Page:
Choose from 8 plans from Express Modular, and design your own blueprint using their free interactive tool. Starting prices depend on your location and can range anywhere from $70,000 to over $600,000.
|Method homes||Read Expert Review|
Method Homes builds sustainable modular homes with unlimited customization. Choose from six series, each with multiple floor plans. Modular costs range from $145-$210 per square foot with soft costs around $15,000-$30,000 and up.
|Nationwide Homes||Read Expert Review|
Nationwide Homes builds modular homes in 16 states in the South, Southeast and Midwest. Choose a pre-built modular home or a customizable floor plan. Options range from a 300 square foot guest cabin to a 3,600 square foot house.
Cost of modular homes
How much do modular homes cost?
Modular home prices range from under $100,000 to $1 million. Like site-built homes, the price of a modular home is dependent on a variety of factors, which makes it difficult to estimate your total cost until you’ve spoken with a contractor and figured out all the details of your home.
Some things that influence the price of a modular home include:
- Land: The price of land is separate from the price of your home when you build a modular home. Make sure to take the land price into account when you’re trying to estimate your overall cost.
- Where you live: Modular home manufacturers have to follow state and local codes when they build, which means the total price of your home will depend on where the home is going to be delivered.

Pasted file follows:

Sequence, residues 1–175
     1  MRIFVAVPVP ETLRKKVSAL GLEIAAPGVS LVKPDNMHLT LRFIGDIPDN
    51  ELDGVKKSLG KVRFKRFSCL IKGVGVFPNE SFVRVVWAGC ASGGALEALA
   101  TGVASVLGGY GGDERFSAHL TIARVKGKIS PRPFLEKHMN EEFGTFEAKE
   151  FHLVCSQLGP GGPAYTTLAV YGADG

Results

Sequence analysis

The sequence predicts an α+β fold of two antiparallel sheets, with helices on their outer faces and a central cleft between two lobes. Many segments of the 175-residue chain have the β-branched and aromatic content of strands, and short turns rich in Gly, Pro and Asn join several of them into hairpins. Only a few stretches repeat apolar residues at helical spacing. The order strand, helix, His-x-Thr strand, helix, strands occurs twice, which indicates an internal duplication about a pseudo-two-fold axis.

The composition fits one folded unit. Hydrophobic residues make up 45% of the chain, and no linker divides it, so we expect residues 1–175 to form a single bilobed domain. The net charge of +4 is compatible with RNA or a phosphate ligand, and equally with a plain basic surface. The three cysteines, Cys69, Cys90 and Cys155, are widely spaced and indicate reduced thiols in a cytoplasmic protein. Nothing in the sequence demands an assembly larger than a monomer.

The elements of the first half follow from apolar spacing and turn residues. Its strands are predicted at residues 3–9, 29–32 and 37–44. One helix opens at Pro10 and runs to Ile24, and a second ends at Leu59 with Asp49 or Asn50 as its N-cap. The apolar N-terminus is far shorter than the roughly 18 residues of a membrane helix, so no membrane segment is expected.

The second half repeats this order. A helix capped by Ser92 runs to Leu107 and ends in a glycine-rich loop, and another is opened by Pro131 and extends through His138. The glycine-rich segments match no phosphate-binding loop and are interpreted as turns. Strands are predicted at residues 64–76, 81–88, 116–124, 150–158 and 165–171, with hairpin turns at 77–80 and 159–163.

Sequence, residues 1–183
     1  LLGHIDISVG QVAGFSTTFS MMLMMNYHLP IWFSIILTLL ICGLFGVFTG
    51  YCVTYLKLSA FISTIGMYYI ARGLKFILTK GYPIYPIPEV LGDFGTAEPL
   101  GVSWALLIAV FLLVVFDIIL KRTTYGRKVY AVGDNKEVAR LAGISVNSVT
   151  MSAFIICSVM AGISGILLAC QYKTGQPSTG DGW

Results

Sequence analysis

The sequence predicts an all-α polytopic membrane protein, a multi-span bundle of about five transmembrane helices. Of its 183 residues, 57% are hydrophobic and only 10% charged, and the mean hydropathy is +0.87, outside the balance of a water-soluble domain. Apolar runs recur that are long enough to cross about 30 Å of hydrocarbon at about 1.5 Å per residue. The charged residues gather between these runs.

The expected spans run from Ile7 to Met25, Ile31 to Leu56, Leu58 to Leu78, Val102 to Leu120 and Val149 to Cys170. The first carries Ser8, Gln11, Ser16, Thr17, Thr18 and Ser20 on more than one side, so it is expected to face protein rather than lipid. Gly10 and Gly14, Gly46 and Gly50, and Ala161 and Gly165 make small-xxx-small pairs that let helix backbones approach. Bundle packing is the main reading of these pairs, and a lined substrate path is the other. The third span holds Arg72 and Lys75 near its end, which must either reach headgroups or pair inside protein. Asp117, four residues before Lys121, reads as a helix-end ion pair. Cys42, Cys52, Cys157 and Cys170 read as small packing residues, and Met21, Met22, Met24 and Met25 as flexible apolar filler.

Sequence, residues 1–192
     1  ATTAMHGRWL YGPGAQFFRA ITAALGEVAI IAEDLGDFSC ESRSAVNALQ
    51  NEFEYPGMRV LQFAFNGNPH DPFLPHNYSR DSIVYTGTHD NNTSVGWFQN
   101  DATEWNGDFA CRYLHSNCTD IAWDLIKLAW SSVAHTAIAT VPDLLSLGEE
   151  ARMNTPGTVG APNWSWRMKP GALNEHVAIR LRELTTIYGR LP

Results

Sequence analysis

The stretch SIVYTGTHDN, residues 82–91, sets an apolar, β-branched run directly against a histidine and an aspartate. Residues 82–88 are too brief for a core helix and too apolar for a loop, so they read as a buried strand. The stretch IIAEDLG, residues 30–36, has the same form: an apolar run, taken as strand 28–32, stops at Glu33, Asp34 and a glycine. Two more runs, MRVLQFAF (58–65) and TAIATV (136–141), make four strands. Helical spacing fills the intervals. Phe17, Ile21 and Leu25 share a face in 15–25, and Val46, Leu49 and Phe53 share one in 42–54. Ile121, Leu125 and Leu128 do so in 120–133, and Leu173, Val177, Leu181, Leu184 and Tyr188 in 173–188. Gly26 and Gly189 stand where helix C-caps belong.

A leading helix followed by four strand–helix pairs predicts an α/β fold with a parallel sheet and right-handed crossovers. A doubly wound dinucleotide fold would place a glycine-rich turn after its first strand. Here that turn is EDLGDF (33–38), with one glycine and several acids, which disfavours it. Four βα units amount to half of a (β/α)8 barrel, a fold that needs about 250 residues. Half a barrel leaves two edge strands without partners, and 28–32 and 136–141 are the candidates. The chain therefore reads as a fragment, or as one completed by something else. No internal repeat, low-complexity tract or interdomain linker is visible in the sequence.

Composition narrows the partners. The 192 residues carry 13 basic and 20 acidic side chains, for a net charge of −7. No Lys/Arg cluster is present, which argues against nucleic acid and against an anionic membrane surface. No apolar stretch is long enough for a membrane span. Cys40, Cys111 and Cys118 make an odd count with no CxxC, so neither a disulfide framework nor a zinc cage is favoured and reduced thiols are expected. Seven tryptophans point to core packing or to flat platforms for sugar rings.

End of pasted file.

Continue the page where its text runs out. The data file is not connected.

- How big your home is: The cost per square foot for a modular home can range from $40 to $200, depending on what materials are used. For instance, if you want high-end countertops and exotic hardwood floors, expect to pay on the high end per square foot. In general, modular homes end up costing $90-$150 per square foot.
- Your floor plan: Modular home manufacturers work with a variety of floor plans that all come at different costs. Work with your manufacturer to find a floor plan that works for your lifestyle and stays within your budget.
- Site prep: Your site will need to be prepped before the home can be delivered. This includes marking property lines; leveling the land; clearing the land by removing any trees that are in the way; removing dead trees, tree stumps and large rocks; pouring concrete; and preparing a site for your modules to be unloaded when they’re delivered. Some manufacturers roll the cost into your total home price, while others will have you find your own contractors.